Waiting with Bated Breath
It is time to GO! This is the longest we’ve stayed in one port, and we are excited to get to the Bahamas. When Claire and Kate left at the end of last week, it really felt like the party was over, and the bar was closing.
This past week, we’ve been prepping to “cross the stream”. I did feel like a “prepper” when we left the grocery store with two heaping shopping carts full of groceries. (Thanks Denise – this wouldn’t have been possible without your car.) We were checking all the jobs off the list, and we even got the call to pick up the alternator at the last possible second on Friday. The next thing was finding someone to give us COVID PCR tests to convince the Bahamas to let us in. The Bahamas require a negative test within 5 days of arrival. Tests are becoming harder to find as the labs in the area are switching over from testing to vaccinating, but I was able to find a concierge service that sent a nurse to our sailing club yesterday. PS – while we were waiting for the nurse to show, we saw Brian and toddler Sierra from YouTube channel Sailing Delos. They are probably the most famous cruising boat out there, so while we were please to have a brush with fame, we decided not to bother them, as I’m sure they get plenty of that.
Now I sit here on the boat waiting to get our test results. We are supposed to get an email by 4PM today. If we pass, we upload the results to the Bahamas Health Visa website, and they are supposed to respond in 24-48 hours. Then we pray the weather is good for sailing to the Bahamas. We must arrive by Saturday, or do it all over again. I REALLY don’t want to do that.
While I’m writing, I should let you know we had some drama with Fluffy’s outboard. This is the engine that had belonged to Lilly’s dad – a wonderful light weight two-stroke that always started on the first pull for Jeff, second pull for me. This is SO IMPORTANT. After Claire’s good-bye dinner with the usual gang of 6, the motor sounded a bit funny on the way back to the boat. At 7:30 the next morning taking Claire in to the airport, it died 50 yards from the dock. We drifted in, and Claire made her plane. We had just gotten new gas from the marina, so we were sure it was bad gas. Long story short, it was the timing. Apparently, we lightly touched bottom so the prop had to hesitate enough to damage the Woodruff key that makes the timing with the fly wheel and the spark plugs and the gas all stay in sync. (Or something like that, Jeff explained in like a 20 min monologue). So after a lot of carting around getting rid of perfectly good gas a transfer station, going to the hardware store to get a 50 cent woodruff key, going back to get the correct SIZE woodruff key, getting tows from no less then 3 separate cruisers who couldn’t stand to see us row, we are finally back in business. Advice to future cruisers – one of you needs to be a real mechanic. This episode highlighted for me that the saying – the dinghy is your car – is wrong. It is much more important than a car. Your car won’t drift out to sea and you can leave your house without knowing how to swim.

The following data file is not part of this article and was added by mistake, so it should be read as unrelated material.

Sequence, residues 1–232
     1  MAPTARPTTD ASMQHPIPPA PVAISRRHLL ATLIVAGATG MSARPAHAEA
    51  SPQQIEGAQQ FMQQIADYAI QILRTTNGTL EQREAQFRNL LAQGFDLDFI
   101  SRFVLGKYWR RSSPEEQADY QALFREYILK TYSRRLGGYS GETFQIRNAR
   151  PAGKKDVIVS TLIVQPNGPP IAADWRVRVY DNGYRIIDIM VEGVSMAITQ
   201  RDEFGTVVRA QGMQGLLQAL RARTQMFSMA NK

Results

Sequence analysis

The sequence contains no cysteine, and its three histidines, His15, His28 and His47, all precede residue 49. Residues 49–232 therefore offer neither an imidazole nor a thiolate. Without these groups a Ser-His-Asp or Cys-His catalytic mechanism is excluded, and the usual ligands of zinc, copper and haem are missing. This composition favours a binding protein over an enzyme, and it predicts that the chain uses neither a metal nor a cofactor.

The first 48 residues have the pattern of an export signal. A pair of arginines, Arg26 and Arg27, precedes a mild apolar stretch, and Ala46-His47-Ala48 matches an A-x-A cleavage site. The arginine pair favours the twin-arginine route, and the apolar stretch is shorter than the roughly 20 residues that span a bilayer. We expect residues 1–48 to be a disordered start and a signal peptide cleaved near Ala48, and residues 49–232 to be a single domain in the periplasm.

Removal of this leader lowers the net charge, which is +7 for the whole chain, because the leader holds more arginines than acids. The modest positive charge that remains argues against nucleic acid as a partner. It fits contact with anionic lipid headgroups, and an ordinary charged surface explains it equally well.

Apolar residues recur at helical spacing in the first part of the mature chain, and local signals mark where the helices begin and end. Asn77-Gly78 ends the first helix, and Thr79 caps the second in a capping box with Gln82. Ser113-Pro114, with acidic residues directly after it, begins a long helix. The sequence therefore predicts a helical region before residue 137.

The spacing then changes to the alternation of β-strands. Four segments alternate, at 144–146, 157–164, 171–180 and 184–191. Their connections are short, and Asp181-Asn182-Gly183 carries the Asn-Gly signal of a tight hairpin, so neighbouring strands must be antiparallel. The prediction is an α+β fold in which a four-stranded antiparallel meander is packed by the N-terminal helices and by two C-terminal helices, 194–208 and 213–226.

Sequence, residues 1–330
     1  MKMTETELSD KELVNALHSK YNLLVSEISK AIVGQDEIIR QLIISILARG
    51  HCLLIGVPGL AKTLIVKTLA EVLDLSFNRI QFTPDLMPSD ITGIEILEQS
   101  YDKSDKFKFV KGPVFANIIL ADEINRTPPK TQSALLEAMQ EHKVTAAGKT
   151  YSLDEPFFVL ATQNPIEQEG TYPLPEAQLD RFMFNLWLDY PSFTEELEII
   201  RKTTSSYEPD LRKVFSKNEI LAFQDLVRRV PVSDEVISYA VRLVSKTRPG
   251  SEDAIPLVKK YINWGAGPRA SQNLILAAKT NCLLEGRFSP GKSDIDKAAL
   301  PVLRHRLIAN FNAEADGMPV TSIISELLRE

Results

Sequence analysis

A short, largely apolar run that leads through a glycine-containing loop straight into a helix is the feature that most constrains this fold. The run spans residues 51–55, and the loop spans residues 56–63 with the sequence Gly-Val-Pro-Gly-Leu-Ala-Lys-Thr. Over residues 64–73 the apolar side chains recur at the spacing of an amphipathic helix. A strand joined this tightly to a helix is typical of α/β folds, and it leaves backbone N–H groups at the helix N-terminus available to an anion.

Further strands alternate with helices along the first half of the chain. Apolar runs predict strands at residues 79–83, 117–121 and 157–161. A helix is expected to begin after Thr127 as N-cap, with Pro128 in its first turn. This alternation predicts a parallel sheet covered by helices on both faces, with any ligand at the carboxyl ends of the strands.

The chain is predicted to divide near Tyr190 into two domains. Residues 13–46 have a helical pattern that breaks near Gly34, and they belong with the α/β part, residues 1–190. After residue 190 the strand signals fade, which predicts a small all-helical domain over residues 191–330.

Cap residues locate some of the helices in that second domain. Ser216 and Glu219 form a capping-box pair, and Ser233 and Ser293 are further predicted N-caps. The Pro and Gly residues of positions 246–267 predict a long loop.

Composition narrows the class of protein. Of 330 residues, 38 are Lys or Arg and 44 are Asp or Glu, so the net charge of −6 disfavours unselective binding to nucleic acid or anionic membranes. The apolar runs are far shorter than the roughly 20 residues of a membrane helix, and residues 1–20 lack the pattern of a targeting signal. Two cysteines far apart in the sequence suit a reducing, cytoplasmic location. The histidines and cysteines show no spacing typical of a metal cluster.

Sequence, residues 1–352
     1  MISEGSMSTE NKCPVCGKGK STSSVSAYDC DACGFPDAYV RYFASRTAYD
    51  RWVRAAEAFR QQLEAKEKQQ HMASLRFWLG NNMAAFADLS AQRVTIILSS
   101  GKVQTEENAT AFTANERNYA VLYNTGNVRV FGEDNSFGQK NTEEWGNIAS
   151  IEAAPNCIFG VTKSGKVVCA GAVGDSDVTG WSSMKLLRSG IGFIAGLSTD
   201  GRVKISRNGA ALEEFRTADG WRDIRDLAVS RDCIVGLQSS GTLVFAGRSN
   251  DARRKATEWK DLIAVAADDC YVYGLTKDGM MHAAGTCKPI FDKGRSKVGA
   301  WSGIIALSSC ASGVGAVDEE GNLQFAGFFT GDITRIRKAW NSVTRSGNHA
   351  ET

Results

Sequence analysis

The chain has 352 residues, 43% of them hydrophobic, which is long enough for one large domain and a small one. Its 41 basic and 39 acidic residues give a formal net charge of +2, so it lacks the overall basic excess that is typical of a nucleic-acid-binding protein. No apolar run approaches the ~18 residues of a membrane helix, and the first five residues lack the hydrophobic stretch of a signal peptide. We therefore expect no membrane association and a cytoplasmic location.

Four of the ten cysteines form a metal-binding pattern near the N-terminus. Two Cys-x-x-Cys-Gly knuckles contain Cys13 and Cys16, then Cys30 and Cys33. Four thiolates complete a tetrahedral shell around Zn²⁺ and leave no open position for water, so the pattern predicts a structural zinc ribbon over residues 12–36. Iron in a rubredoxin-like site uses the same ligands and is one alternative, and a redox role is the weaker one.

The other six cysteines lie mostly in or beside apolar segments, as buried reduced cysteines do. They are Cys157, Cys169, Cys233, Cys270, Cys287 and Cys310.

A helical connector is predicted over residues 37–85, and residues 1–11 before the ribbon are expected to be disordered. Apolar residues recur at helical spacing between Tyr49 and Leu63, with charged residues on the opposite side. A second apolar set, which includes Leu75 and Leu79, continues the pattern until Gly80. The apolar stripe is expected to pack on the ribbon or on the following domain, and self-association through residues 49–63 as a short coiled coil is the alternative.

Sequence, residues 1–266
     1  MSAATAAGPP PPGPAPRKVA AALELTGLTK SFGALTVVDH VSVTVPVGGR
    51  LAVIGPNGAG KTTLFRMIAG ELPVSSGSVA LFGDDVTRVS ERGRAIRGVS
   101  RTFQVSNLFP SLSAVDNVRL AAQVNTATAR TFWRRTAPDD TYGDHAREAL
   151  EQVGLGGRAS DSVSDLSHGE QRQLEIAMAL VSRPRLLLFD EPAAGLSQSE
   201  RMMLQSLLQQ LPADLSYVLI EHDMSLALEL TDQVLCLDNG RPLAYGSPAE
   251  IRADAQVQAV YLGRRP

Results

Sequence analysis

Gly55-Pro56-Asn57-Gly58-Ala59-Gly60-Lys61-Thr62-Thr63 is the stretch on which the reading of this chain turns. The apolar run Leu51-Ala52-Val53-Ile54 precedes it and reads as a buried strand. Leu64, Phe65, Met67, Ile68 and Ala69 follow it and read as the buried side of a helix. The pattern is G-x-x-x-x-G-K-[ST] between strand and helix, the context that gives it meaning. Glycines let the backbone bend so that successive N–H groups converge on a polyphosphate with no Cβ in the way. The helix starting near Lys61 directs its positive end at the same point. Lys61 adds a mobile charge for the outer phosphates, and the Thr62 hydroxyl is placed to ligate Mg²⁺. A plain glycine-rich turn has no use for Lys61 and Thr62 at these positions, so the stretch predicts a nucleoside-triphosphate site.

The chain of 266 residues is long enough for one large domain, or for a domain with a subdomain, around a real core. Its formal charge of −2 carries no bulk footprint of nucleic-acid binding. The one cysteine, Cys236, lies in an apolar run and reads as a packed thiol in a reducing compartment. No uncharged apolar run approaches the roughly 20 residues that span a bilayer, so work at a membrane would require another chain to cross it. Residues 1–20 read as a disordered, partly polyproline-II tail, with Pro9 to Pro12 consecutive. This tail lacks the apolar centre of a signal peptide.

It’s been great weather til now, and we’ve been biking everywhere in perfect conditions (70s, partly cloudy). We’ve thoroughly enjoyed the Palm Beach restaurant scene, where Dad and Denise know all the maître d’s and a lot of the wait staff. We’ve loved the farmers market, and the charming sailing club. The sea turtle rescue center was disappointing with the construction, but I’m still committed to sea turtles as my spirit animal and it will be awesome next year.
One thought on “Palm Beach, Florida Part 3”
Wow! I did know it was important to have a mechanic as part of your team. But I was only
thinking about the big boat! I never considered problems with the little boat… I guess the bottom line is always expect problems somewhere, since there is really no such thing as “smooth sailing.” Meanwhile, we love your detailed descriptions of your sailing life, and all it includes.